Tuesday, March 25, 2014

Homemade Blush Trial #2

A couple weeks ago, I experimented with making my first homemade blush with beet root powder, which had a good outcome. It ran out quicker than expected in part because I gave some away. (Really, I don't mind that because it's always nice when somebody in interested in my kitchen science experiments.) The bigger issue was that I did not it in an air-tight container, as I am always recommending. In fact, I didn't even put a lid on it so there was spillage and moisture invasion.

Okay, those of you who are gasping in shock can kindly close your mouths now. Haven't you ever told your kids -- or anybody else -- to "do as I say and not as I do?" Glass houses, people.

There, I 'fessed up and you know the real reason why I needed to mix up another batch of blush. In the interest of science, I felt it was important to try at least one more version before making up my mind on the recipe. Since I had tried both the beet root powder and the hibiscus powder for my tinted lip balm experiments, I decided it would be simple enough to make the blush again and substitute hibiscus for the beet root. I kept the proportions the same to get a fair idea of how the two stacked up against each other.

{2-Ingredient Homemade Natural Blush}


  • arrowroot powder (mine is organic)
  • hibiscus powder (mine is organic)


  1. Using a spoon, combine arrowroot powder and hibiscus powder in a small bowl or container. I used 1 teaspoon of hibiscus powder and 1/2 teaspoon of arrowroot powder. You can adjust the proportions to suit your personal preferences. I stored my blush in a container with a lid this time (although I am not certain that my old Altoids tin is actually air-tight enough to prevent moisture from seeping in.)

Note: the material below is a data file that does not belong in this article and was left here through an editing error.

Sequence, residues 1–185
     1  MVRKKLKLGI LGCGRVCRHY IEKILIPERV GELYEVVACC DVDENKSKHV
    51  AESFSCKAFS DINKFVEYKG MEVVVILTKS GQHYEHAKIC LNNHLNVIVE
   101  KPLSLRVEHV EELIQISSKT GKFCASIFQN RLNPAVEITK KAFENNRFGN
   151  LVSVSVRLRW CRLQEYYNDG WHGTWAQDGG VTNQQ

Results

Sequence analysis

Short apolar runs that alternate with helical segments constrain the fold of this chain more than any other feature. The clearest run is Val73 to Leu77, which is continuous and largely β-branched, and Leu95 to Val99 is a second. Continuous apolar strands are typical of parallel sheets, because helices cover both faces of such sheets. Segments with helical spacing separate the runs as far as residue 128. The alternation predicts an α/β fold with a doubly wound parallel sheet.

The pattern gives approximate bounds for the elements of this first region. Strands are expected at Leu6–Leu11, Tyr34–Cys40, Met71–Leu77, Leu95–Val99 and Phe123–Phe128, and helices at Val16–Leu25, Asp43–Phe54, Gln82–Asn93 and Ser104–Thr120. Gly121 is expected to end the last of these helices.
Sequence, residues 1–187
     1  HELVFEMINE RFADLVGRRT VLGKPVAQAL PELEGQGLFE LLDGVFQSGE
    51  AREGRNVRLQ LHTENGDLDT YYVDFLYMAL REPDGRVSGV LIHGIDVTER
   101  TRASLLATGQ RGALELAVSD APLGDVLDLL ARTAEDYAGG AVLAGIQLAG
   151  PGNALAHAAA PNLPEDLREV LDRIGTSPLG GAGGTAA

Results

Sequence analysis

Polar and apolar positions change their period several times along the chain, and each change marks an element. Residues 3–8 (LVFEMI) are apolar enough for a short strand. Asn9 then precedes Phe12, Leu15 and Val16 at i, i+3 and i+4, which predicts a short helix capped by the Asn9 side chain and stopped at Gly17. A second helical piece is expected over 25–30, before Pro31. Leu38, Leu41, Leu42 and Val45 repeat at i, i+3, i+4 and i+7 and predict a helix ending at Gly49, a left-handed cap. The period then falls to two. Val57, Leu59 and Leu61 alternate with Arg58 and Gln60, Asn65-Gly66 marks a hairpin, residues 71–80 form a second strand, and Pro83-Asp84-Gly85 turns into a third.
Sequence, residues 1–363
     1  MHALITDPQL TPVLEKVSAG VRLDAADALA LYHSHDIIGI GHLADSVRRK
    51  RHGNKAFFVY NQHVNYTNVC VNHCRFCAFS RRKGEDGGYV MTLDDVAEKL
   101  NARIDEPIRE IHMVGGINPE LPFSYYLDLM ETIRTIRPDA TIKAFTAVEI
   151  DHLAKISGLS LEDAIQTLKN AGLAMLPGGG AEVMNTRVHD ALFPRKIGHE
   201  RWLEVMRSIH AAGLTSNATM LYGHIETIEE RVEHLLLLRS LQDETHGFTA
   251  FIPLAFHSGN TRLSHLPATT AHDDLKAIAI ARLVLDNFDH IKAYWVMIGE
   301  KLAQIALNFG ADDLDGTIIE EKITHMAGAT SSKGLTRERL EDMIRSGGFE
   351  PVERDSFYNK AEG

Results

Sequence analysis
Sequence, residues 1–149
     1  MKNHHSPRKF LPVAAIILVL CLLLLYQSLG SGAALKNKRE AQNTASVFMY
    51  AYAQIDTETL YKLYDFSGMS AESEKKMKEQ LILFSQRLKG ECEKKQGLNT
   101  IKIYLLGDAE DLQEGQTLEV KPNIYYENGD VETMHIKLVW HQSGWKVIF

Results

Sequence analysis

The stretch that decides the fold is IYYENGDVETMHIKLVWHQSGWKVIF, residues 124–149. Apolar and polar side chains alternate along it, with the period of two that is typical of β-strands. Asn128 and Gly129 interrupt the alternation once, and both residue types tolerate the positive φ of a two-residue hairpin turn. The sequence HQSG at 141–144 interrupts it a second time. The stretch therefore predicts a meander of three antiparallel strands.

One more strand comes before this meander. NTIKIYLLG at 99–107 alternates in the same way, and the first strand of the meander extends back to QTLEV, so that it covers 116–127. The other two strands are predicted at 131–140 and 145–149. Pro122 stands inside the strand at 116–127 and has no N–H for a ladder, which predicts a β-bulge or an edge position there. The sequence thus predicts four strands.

2. Apply with a makeup brush as you would any loose powder makeup. (Dip brush into the powder, tap off the excess, and gently brush onto the apples of the cheeks, spreading upward along the cheekbone to blend.)
The Results:

The color of the hibiscus is similar to the beet root, but I think the beet root recipe went on smoother and blended better than this second attempt. Also, whenever I have applied the hibiscus version, it seems to fly off the makeup brush and I get it into my nose, which is not something I enjoy. Overall, I preferred my first experiment to this one. (I wouldn't call this a failure, though, since it did produce a usable all-natural blush.) I don't know if it is a coincidence that I liked beet root over hibiscus for both homemade blush and homemade tinted lip gloss, but I am not quite ready to write it off entirely. I plan to make some homemade powder eye shadows in the future and it could still prove to be the perfect ingredient.

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